California Man Tried To Sell Bogus Coronavirus Cure And Dupe Investors, FBI Says

Keith Middlebrook claimed that Magic Johnson was on his board of directors, authorities say.

Keith Middlebrook G

A Southern California man who’s also had small roles in a number of films has been arrested for allegedly trying to scam potential investors by claiming to have invented a cure for the coronavirus and a pill that would protect people from COVID-19.

Federal agents arrested Keith Lawrence Middlebrook, 53, on Wednesday on one count of attempted wire fraud, the U.S Attorney’s Office of the Central District of California said in a release issued this week.

A criminal complaint filed prior to his arrest alleges that Middlebrook orchestrated a scheme wherein he claimed to have created a coronavirus cure as well as a treatment that prevents one from contracting COVID-19.

The actor is also accused of trying to dupe investors out of thousands with the false promise of reaping greater rewards once the treatments took off, according to officials. He wrote in one message to a potential investor, who was actually working with prosecutors, that “investors who come in at ground level say $1M will parachute with $200M - $300M…Conservative Minimum,” authorities said

Middlebrook is alleged to have created two fake corporations: Quantum Prevention CV Inc. (QP20), a company he claimed would produce the medicine that would protect individuals from getting COVID-19, and Quantum Cure CV 2020 (QC20), which he said would provide the public with a medicine that would purportedly heal those with COVID-19 in a matter of days, the release states.

An affidavit claims that Middlebrook told one potential investor — another witness for the prosecution — that his cure was so powerful that “an LA Patient [who] tested Positive for CoronaVirus got up and walked out 51 hours after my Injection.”

Middlebrook, who had a large amount of followers on social media with whom he shared his claims of a cure, also alleged that he had celebrity power behind his brand: namely, Earvin “Magic” Johnson, according to authorities.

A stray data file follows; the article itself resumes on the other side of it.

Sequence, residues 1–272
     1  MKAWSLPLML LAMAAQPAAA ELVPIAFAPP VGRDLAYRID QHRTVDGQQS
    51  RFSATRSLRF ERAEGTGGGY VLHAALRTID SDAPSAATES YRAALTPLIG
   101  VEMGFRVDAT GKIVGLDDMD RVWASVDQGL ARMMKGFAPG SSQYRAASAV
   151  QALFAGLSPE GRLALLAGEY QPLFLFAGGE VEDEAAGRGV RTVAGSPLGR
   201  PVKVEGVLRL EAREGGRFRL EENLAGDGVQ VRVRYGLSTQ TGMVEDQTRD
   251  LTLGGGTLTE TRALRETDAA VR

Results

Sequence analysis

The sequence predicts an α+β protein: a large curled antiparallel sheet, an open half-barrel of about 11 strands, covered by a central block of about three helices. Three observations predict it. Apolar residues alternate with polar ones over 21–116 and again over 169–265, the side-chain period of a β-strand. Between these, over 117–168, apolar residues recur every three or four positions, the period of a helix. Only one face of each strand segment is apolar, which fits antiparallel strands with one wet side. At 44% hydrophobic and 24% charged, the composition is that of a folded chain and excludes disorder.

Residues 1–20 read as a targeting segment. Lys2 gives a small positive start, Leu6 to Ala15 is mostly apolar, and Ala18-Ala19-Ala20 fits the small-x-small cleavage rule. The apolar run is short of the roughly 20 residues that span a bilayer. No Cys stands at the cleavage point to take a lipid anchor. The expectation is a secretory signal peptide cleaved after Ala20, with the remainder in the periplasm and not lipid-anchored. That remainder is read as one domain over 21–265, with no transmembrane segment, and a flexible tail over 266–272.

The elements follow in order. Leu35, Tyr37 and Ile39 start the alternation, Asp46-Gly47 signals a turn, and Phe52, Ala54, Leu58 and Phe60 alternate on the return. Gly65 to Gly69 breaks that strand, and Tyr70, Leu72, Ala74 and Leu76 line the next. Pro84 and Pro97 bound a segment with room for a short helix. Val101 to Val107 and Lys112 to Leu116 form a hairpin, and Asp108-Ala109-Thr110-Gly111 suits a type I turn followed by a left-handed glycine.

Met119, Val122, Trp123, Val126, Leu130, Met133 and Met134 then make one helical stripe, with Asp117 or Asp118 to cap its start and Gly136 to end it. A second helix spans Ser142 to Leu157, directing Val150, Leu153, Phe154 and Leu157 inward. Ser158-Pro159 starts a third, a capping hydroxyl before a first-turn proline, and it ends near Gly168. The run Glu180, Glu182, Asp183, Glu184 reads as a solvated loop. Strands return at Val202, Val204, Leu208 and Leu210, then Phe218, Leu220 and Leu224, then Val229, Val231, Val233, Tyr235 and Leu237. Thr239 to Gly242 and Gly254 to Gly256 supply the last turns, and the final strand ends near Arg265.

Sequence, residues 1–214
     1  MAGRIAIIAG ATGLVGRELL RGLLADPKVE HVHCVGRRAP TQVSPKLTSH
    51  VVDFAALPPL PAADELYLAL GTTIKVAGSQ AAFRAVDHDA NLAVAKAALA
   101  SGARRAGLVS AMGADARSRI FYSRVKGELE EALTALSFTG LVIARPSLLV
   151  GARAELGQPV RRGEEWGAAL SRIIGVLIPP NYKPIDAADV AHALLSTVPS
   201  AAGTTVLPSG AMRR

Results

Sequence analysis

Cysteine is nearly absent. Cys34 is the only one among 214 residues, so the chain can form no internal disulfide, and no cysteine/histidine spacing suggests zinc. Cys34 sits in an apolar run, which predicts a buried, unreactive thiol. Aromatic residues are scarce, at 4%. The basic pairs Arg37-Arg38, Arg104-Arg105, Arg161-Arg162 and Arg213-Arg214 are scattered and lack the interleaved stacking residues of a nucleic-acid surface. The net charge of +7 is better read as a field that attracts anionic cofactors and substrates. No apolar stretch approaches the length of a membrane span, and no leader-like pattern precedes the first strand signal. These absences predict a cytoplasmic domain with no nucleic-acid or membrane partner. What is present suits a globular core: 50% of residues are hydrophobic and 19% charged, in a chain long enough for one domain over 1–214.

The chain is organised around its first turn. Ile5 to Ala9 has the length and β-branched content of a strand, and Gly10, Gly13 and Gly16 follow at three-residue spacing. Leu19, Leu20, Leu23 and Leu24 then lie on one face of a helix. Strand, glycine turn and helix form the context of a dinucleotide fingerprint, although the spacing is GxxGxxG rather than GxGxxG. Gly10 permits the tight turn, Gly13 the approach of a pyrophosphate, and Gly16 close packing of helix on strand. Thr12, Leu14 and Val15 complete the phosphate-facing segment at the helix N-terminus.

Middlebrook claimed Johnson was a member of his board of directors, but the former basketball star turned businessman reportedly told investigators that he had never heard of Middlebrook’s company.

The alleged scheme came to an end when an FBI agent, pretending to be a potential investigator, met with Middlebrook for a delivery of the so-called wonder drug, and instead took Middlebrook into custody, investigators said.

“During these difficult days, scams like this are using blatant lies to prey upon our fears and weaknesses,” United States Attorney Nick Hanna said. “While this may be the first federal criminal case in the nation stemming from the pandemic, it certainly will not be the last. I again am urging everyone to be extremely wary of outlandish medical claims and false promises of immense profits. And to those who perpetrate these schemes, know that federal authorities are out in force to protect all Americans, and we will move aggressively against anyone seeking to cheat the public during this critical time.”

Middlebrook has also worked as an actor with a number of uncredited roles in primarily low-budget films to his name, according to his IMDb profile.

If convicted, Middlebrook faces a maximum sentence of 20 years in a federal prison, authorities said. He appeared in federal court on Thursday, where a judge ruled that he return to court to be arraigned on April 16, the Associated Press reports.

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